A few months before The Times article, Joseph had decided to go back to his homeland.  It had been, after all, decades since he had seen his mother and brothers.  He booked a steerage ticket and turned the saloon over to a trusted employee.  He anticipated the trip would last two or three months.  It did not.

Three weeks later he was back in the saloon.  He explained "I thought I'd have a mighty fine time, but when I got home the guys around there knew I was an American by the cut of my trousers.  So they pulled my leg and tried to work bunko games on me and played hell with me generally.  I couldn't stay in the country--couldn't stand it--that was all there was to it."  As for his family, "I was glad to see the old woman, but my brothers wouldn't have anything to do with me.  When I got there it was early in the morning.  Before noon I was packing up my valise, and that night I pulled out.  No. Sir!  I'll never go back again.  An American can't stand it over there."

In 1902 Morris Abrahams purchased No. 272 (it had housed a barber shop for years).  He now owned all three of the 20-foot wide buildings and soon connected the upper floors internally as a hotel--albeit not an especially high class operation.  His son, Mark, hired architect Joseph Kelly to make "improvements on the 4-story hotel," now using the single address of 274 Seventh Avenue, in May 1907.

The following year, in June, Joseph Guffanti expanded.  By now he had realized that his fortune was not in running a saloon, but a restaurant.  When he renewed his lease on No. 274, he leased No. 272 as well.  The Real Estate Record & Builders' Guide noted "permission given under terms of lease to connect."  Within three years Guffanti's Restaurant would engulf all three storefronts.

Author Helen Bartlett Bridgman described the restaurant in 1920 as it was around that time of the expansion.  "Guffanti's was then a modest restaurant in an unfashionable quarter of Manhattan...For half a dollar in the early days of this century, one had quite enough, but not too much for twice as much.  Every dish then as now was delicious; but judgment in quantity as well as quality was in evidence.

"The pace was set by the crisp freshness of the onions and radishes, served with sardines and anchovies, as a snappy prelude to a heaping platter of the best spaghetti that ever was, enriched by a red sauce that cannot be surpassed in Italy itself."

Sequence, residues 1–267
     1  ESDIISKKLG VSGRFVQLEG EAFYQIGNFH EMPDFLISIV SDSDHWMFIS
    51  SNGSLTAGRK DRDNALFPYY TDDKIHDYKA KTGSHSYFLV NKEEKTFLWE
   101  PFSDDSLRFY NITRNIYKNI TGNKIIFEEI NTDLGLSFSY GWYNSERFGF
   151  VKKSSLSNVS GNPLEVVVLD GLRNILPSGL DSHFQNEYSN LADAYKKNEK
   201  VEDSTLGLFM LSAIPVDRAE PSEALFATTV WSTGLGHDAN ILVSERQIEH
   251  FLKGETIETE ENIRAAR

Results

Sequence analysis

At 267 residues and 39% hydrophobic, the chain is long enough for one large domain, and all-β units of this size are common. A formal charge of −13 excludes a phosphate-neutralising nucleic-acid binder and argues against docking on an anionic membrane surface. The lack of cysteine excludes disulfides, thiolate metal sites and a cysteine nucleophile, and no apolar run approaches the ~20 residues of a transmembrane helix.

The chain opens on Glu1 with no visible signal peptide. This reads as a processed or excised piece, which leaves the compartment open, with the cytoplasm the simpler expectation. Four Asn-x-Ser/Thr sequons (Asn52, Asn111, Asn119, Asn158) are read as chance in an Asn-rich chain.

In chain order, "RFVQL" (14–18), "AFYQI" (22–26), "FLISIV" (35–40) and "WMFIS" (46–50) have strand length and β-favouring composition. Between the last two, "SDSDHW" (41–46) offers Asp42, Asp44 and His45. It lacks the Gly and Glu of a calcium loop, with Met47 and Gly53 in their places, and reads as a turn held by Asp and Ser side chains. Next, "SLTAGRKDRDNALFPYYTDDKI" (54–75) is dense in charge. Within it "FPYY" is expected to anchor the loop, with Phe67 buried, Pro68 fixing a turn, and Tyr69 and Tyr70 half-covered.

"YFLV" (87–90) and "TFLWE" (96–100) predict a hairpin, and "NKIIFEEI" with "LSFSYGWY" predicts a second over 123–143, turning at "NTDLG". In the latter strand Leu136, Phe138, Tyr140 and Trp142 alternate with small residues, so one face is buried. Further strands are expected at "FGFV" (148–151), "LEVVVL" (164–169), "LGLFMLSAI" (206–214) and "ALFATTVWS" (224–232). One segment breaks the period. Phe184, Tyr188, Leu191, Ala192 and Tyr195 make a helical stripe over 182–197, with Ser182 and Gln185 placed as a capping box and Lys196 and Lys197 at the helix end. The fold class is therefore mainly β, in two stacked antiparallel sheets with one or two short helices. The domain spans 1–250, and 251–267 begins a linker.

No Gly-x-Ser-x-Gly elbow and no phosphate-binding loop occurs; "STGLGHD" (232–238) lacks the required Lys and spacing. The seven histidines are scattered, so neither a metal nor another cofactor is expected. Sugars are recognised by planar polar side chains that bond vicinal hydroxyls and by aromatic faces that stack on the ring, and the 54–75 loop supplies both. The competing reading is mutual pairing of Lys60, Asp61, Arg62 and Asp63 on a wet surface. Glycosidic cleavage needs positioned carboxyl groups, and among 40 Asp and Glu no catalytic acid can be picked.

She went on to describe the sauce as being prepared with "tomato paste, chicken livers, peppers green and red, onion, oil, lemon and spices" and called the minestrone "almost a full meal."

In 1910 the New York Hotel Record described Guffanti's as "Famous for table d'hote dinners, serving from 900 to 1,500 dinners daily in typical Italian style, with music."  Joseph Guffanti had made it.

An early postcard included modes of modern transportation--a blimp, a biplane and a motor car.

The music the Hotel Record had mentioned were singing mandolin players.  In her 1920 book Within My Horizon Helen Bartlett Bridgman remembered a visit years earlier. "By and by one of the mandolin players...rose and sang in a remarkably good baritone, walking back and forth as he did so, while his companion joined with zest in the chorus, giving 'O Santa Lucia' with a yearn in the prolonged 'O' and a tender pride in the 'Lucia' which I have never known before or since."

She commented "Guffanti must be a millionaire by now," recalling that years earlier, "Every seat was filled, with many waiting; for the public knows a good thing when it sees it."

When Joseph Guffanti had first opened his saloon and restaurant Manhattan's theater and entertainment district was located just three blocks south, on 23rd Street.  The New York Times decades later remembered the entertainers who haunted the restaurant.  "Enrico Caruso sang there many times to patrons including John Barrymore Alfred E. Smith, Diamond Jim Brady, Lillian Russell and John Philip Sousa."

As the theaters moved north to Times Square, Guffanti responded by opening a second restaurant at 161 West 40th Street.   Additionally, he established the Guffanti Inn on Ocean parkway in Coney Island.

When this photo was taken in 1918 the brick facade was still painted and handsome canvas awnings protected the hotel rooms from the heat and sun.  from the collection of the New-York Historical Society

On September 8, 1919 the New-York Tribune reported on an afternoon event that day.  "Meeting of Italian restaurant men to arrange a dinner and entertainment for the sailors of the Italian battleship Conte Di Cavour at Guffanti's."  The focus of the several restaurant owners present that day would change drastically in two months.

On November 18 Congress passed the temporary Wartime Prohibition Act that prohibited the sale of alcoholic beverages (it was originally intended to save grain for the war effort; however the war had ended a week earlier).  The Act went into effect on June 30, 1919 and permanent Prohibition began on January 17, 1920.